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Custom Skies in Bryce
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How to make custom sky textures using Bryce 3D.
Someone recently asked me how to make skies using Bryce 3D which is sort of a modeling/rendering tool. I haven't done this in a number of years, but the information should still apply and be useful to someone. So below is a tutorial on creating sky texture using Bryce 3D as I used for Soldier of Fortune 1.

The hardest part about making skies is creating the 6 textures of the cube so that when they are pieced together in the game, you don't see any seams in the corners. Since we can adjust the camera settings in Bryce 3d (and most modeling/image rendering programs), this makes it an excellent tool for such a task.

If you are unfamiliar with how skies work within the game (at least for Quake-based games), a sky consists of 6 textures: forward, back, left, right, top, bottom. They are projected onto the 6 inner walls of a cube. The trick in making the sky textures seamless is in setting the camera to not only take-in a full 90 degrees (90 * 4 = 360 degrees) on each shot, but to also squish the edges to adjust for the squareness of the cube.

Let me begin with the steps you must take in order to come out with a usable product.
  • To setup the document (environment) you need to begin by settinghhte aspect ratio. When you go to the File menu and into Document setup, you will find a list of aspect ratios (render resolution) and you want to pick SQUARE. This will make the aspect ratio 1:1 so that all sides of your final image are the same.

  • While you have this window open, also select the final resolution. The standard used to by 512 x 512, but as games and computers get better, resolution increases. After you check into what your game supports, select that resolution (probably 1024 x 1024).

    Close this window when you are done.

  • Next we want to setup the camera attributes. To do this, we need to select the camera and that can be done by changing your view to anything other than camera. This way you can see the camera rather than see through it. When you see the camera, select it and open up the window for camera attributes ("A").

  • With the atributes window open, set all the rotation axis' to zero.. except for the Y axis. The Y axis will allow us to adjust the height of the camera. We don't want to be peering thought the dirt so we will need to move the camera up (Y axis) and off the ground.

    Go ahead and set the Y axis to something. Perhaps "4" is a good place to start.

  • Set the field of view (FOV) to 90 degrees. This means that you will get a full 1/4 of a circle into your final image (90 * 4 = 360 degrees).

  • Set the viewing scale to 72 percent. This means that 72 percent of the FOV is normal and the rest is squeezed in to give our square texture a 'round' appearance. This is what caused the seams to disappear.

    *note: If I remember correctly, I had to play around with the viewing angle to make my final sky images perfect. I don't remember 72 percent being the ideal number, but it's a good place to start.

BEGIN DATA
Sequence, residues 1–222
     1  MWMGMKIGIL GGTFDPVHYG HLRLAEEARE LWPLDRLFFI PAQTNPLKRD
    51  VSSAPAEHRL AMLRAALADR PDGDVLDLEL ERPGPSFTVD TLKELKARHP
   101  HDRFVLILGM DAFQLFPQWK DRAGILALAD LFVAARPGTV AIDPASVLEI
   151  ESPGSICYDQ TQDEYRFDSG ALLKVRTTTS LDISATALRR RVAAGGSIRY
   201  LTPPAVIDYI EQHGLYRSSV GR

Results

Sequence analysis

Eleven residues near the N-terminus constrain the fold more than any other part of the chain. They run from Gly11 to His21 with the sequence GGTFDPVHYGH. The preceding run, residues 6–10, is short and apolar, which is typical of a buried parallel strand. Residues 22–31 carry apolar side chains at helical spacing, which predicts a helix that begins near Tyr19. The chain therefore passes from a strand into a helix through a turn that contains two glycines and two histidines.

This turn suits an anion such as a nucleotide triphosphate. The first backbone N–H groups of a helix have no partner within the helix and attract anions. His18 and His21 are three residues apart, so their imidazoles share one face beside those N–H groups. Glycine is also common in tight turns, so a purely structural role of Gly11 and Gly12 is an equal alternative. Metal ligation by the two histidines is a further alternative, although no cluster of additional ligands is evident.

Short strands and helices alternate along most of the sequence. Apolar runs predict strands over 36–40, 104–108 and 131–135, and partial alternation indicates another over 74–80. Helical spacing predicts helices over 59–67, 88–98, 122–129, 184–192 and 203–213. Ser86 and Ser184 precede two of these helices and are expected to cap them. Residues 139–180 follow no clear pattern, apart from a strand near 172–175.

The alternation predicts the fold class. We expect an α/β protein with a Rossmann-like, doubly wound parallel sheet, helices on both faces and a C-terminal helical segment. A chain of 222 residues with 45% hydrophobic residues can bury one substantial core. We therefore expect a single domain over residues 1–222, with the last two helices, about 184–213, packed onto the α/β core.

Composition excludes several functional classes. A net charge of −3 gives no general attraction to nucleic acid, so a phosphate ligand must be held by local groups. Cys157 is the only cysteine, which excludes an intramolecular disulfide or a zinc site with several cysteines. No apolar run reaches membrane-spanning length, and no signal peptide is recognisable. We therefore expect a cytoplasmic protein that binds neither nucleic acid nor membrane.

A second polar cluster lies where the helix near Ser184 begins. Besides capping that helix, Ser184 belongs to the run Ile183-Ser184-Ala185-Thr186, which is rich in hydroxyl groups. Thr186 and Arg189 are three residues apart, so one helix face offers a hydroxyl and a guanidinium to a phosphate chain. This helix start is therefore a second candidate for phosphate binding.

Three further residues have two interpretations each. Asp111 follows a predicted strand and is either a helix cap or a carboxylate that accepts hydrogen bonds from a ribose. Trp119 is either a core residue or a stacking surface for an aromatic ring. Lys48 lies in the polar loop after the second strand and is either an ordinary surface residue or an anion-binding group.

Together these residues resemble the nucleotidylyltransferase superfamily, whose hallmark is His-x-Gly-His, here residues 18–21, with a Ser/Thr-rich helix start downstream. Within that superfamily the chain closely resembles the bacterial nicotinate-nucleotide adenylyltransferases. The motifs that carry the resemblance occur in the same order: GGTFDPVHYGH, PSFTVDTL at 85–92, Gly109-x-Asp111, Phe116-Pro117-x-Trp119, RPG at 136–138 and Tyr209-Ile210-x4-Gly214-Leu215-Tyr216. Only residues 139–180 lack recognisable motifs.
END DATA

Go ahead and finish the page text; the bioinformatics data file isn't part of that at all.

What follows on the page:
• Go into the Sky & Fog sectings and select "Edit Sky/Fog" from the pull-down menu.

    Make sure that the option "Link sun to view" is turned off. This means that the sun in your sky will stay in one place. See, Bryce is setup to adjust the sun according the angle of the camera. The program assumes you are attempting to make a single screenshot. You need to tell it that the sun should stay in one place while the camera moves around the scene.

  • Finally you can go ahead and put your scene together with the trees, mountains, etc.

    Once the scene is complete, continue on below...

  • Remember that our goal here is to create the 6 images that fit inside of the cube. As long as your camera still has the X,Y, and Z rotations (angles) set to zero, you're ready to render your first image. So... set the camera rotations as follows and start rendering your sky:
    1. X = 0
      Y = 0
      Z = 0
      Render and save as front image
    2. X = 0
      Y = 90
      Z = 0
      Render and save as right image
    3. X = 0
      Y = 180
      Z = 0
      Render and save as back image
    4. X = 0
      Y = 270
      Z = 0
      Render and save as left image
    5. X = 90
      Y = 90
      Z = 0
      Render and save as bottom image
    6. X = 270
      Y = 270
      Z = 0
      Render and save as top image

  • Again, this process of setting the angles will need compensation. Each game seems to have the image in a specific rotation. Example: the top image might need to be spun around to line up with the sides.

    You can make these adjustment in your photo editing program such as Adobe Photoshop.

  • The final step is dependant on your game. You now just need to properly name each file, place them in the coresponding directories, and create a shader or sky file. This is specific to each game and cannot be properly covered in this tutorial.
I hope this has been helpful to you and remember to post your custom skies in the downloads section here on this site for others to enjoy.

This tutorial was modeled after another tutorial written years ago by [PnC]Muzma. I originally found it on telefragged.com.

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